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CAJUNS, CREOLES, PIRATES AND PLANTERS

Your New Louisiana Ancestors Format

Volume 2, Number 5

 

By Damon Veach

 

STARTING OUT:  Genealogy research involves more than just time.  There has to be a sincere interest in finding answers.  This is one of the reasons that so many older individuals spend more time at this than the younger generations at compiling family histories.   Of course, age and the interest to hold on to something before it is forgotten also come into the picture.  Things change with time too.  In many cases, individuals wait too long to start researching the past history of the family, and without living contacts, the procedure becomes more complicated.

 

This is the advantage of starting out early.  It is why talking to older relatives remains so important, and the generations of today seem less likely to do this than those of the past.  A good case in point can be the family Bible.  This was a book that at one time contained the names, dates, and even individual notes that could never be found in archives or courthouses.  Record keeping techniques are different today than in the past.  Recording family data was personal, and like so many other important documents, they were often kept within the family home and not stored or recorded elsewhere.

 

Writing down all the known data is important in the beginning.  This importance comes from those discussions with older relatives about their knowledge of the past.  It is so simple to write down this information, but it is seldom done.  This makes it so difficult in later years to uncover even the simplest of things relating to the family.  It is something that needs to be instilled in children at a young age, but this is often overlooked in the overall picture of family unity.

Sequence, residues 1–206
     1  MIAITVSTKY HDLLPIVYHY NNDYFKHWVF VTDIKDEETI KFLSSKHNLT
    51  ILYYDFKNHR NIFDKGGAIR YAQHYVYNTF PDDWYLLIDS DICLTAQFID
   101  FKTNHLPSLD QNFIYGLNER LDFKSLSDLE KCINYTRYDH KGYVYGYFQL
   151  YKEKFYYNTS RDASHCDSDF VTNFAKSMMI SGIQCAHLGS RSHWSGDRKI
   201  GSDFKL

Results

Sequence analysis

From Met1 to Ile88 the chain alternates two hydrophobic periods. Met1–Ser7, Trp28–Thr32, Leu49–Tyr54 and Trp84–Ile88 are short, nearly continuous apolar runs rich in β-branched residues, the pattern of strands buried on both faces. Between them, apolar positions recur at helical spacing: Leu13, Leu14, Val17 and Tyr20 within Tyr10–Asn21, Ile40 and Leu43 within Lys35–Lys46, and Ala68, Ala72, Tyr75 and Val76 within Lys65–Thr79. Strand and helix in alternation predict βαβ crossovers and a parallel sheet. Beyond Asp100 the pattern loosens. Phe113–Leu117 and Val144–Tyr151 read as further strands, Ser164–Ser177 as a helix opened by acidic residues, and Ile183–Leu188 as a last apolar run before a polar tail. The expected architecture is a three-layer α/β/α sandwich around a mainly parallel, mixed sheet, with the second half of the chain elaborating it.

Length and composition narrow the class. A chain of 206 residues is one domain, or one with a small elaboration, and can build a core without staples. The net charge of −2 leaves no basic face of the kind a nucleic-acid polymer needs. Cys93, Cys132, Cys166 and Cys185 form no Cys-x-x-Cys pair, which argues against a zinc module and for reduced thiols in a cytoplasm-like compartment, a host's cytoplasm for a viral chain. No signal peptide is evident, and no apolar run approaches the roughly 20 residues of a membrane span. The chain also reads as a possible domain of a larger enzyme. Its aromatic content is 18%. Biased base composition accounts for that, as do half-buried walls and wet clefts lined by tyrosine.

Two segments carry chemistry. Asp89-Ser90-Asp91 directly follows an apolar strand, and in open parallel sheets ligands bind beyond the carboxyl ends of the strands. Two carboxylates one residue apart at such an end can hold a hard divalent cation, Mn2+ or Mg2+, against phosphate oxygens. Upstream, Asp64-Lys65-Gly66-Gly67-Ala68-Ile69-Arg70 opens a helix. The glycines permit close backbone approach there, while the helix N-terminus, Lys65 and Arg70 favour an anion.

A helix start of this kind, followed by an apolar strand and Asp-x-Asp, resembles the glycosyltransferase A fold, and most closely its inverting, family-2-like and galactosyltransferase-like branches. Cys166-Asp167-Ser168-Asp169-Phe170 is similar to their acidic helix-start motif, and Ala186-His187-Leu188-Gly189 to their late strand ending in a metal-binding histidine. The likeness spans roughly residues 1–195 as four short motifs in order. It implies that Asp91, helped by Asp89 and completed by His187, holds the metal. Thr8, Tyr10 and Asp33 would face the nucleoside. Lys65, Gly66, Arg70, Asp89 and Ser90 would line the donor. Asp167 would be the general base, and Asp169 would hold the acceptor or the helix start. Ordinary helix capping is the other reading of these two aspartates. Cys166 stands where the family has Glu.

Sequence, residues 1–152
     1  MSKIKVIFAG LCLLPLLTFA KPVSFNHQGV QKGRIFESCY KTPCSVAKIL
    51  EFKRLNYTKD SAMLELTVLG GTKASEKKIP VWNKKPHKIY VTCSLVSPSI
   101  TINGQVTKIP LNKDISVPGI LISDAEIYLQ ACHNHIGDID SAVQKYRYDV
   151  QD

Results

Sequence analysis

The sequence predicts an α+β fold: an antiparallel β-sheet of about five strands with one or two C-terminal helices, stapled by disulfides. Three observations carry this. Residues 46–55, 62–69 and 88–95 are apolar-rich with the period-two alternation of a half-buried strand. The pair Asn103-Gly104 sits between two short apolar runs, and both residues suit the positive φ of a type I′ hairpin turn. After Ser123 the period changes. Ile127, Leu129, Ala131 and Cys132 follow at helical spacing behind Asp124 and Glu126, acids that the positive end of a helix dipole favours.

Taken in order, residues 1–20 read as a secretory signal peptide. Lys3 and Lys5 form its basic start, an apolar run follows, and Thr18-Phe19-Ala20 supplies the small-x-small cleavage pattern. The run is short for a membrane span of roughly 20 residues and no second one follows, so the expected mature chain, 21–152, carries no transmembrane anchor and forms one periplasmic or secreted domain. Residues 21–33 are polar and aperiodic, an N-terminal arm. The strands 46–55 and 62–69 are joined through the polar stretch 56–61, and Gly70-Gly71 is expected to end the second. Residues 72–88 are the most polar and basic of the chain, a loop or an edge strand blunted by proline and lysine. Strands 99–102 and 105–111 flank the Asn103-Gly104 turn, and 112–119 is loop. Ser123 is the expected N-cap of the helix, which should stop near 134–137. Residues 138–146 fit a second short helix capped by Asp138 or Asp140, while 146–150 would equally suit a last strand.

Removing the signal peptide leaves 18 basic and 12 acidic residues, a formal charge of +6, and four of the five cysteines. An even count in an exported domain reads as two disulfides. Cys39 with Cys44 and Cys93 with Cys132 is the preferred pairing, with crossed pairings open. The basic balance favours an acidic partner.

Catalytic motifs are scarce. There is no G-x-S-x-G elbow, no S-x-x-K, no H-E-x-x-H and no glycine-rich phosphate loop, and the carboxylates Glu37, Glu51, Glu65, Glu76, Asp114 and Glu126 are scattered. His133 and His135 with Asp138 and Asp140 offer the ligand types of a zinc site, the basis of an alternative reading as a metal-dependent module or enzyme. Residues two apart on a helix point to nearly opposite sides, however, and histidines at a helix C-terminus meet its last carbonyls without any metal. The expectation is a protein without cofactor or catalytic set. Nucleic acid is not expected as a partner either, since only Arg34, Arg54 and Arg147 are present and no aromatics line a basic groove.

When there is nothing to build upon, it is left up to individuals to find the right place to begin family research.  Today, the internet can bring a lot of archival material directly to you, but you still have to learn where it is located and how to go about retrieving it and connecting it to your own lineage.  In the case of larger cities, there is the public library where you can look up material in the many genealogical reference books.  In smaller towns, this can be a burden so many individuals turn to the courthouses for their beginning endeavors.  Sometimes this proves to be a great asset especially if the family has lived in the area for a long period of time.  However, people in modern times have moved around a lot, and it is impossible to go back to the original places to do research.

 

With this in mind, the internet becomes even more important.  However, it isnít as simple as it might seem.  Records are being copies at a rapid pace now, but you still have to learn what has been copied and if the material is inclusive of all documents within a given facility.  It is important to follow all leads, and this will take you far beyond the internet.